Diesel driven cars, lorries and buses churn out far more air pollution than standard testing procedures suggest, leading to many thousands of unreported deaths, scientists claim.
The excess emissions of harmful nitrogen oxide (NOx) exhaust gases can be linked to 38,000 premature deaths worldwide, according to the new research.
This is in addition to the World Health Organisation's estimate of 3.7 million deaths caused by outdoor air pollution.
The US scientists argue that there is too little awareness of the impact of "real world" vehicle air pollution.
NOx can damage lung tissue but also reacts with chemicals in the atmosphere to produce ground-level ozone and ultra-fine particles, both of which are harmful.
Ozone irritates the airways and aggravates lung diseases such as asthma and bronchitis, while inhaling fine particles is strongly linked to heart and artery disease.
The study, published in the journal Nature, found that diesel vehicles around the world produced 4.5 million tons more NOx than they should do under international emission standards.
Heavy duty vehicles such as lorries and buses were identified as the major culprits.
Study co-author Dr Susan Anenberg, from the consultancy firm Environmental Health Analytics LLC, said: "The consequences of excess diesel NOx emissions for public health are striking."
The team, which included scientists from the University of Colorado at Boulder (UC Boulder) and the US non-profit organisation the International Council on Clean Transportation, analysed data from 30 studies of vehicle emissions under real-world driving conditions around the world.
In 2015, diesel vehicles generated 13.1 million tons of NOx in the 11 major vehicle markets studied. But had the emissions met the testing standards imposed in those markets, the amount of NOx produced would have been closer to 8.6 million tons, said the scientists.
The impact was strongly felt in Europe, where diesel cars are common, said the authors. Here, 11,500 of the 28,500 deaths each year attributed to diesel NOx pollution were linked to excess emissions.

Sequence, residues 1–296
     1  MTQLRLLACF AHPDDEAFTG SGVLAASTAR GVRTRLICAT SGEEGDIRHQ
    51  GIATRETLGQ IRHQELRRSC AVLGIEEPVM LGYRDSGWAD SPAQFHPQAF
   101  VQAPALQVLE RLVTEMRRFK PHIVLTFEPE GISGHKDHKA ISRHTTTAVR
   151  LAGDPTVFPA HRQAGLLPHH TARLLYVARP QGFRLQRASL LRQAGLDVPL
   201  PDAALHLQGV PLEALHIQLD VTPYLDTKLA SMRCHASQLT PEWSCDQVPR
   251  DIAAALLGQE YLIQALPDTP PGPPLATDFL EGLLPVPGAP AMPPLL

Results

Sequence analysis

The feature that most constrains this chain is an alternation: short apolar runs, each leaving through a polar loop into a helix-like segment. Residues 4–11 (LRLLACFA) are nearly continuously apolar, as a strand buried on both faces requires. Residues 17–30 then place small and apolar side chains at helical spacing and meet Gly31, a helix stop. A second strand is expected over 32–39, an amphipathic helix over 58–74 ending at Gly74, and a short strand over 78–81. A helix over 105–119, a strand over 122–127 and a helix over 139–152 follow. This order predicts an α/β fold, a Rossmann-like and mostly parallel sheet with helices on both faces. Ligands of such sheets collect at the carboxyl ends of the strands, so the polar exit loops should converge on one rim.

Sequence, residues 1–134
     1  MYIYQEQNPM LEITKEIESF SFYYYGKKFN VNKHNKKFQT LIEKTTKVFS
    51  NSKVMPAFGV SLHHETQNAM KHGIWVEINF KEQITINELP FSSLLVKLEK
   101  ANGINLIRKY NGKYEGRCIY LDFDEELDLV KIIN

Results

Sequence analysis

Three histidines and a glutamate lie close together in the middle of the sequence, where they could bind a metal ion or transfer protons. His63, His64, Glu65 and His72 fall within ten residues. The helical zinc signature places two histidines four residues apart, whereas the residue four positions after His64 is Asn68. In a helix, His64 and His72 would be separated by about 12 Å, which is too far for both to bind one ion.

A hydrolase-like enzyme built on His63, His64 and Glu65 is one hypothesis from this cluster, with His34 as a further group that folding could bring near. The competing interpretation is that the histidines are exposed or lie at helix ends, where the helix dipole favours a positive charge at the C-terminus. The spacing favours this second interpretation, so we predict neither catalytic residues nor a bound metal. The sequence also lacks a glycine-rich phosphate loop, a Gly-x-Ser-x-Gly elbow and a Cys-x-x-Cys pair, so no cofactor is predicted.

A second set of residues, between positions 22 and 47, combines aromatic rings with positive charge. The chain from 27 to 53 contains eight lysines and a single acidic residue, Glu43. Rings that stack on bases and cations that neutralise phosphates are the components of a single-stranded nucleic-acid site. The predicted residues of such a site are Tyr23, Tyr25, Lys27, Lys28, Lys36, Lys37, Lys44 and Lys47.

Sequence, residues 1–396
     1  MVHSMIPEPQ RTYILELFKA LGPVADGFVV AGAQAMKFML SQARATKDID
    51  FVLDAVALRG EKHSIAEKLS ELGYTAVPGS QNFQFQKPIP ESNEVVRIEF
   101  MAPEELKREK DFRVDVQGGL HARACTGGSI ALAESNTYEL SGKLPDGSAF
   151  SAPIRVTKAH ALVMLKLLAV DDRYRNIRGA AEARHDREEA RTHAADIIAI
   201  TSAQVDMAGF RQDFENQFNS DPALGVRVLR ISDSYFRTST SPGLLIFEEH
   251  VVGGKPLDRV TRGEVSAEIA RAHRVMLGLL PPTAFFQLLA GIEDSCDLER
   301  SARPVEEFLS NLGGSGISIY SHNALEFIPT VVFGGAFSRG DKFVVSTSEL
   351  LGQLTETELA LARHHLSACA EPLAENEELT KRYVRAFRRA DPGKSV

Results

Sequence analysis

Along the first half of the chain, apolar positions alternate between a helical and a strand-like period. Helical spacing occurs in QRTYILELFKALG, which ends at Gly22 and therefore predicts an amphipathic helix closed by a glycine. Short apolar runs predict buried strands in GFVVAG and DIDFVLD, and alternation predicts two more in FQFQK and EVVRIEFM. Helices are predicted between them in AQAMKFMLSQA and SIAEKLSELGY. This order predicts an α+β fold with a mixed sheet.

Dr Daven Henze, from UC Boulder, said the research exposed a much bigger issue than Volkswagen's notorious use of "defeat device" sensors that automatically reduce the pollution emissions of vehicles undergoing tests.
"A lot of attention has been paid to defeat devices, but our work emphasises the existence of a much larger problem," he said. "It shows that in addition to tightening emissions standards, we need to be attaining the standards that already exist in real-world driving conditions."
Dr Henze's team used computer modelling and satellite data to simulate the effect of excess NOx pollution on health, crops and the climate.
The scientists predict that in 23 years time diesel vehicles around the world will be causing 183,600 premature deaths each year unless further action is taken to curb their emissions.
Enforcing more stringent emission limits could prevent 174,000 deaths related to fine particles and ozone in 2040, said the researchers.
Dr Anenberg added: "Tighter vehicle emission standards coupled with measures to improve real-world compliance could prevent hundreds of thousands of early deaths from air pollution-related diseases each year."
British expert Roy Harrison, Professor of Environmental Health at the University of Birmingham, said: "This is a rigorous study which highlights the serious consequences which have resulted directly from the irresponsible actions of the motor manufacturers in producing vehicles which meet regulatory requirements under test conditions, but emit far higher pollutant levels during on-road use.
"The study may well underestimate the full consequences for public health as it quantifies only the effects of particulate matter and ozone formed in the atmosphere as a result of excess nitrogen oxides emissions, but not the direct effects of the oxides of nitrogen themselves."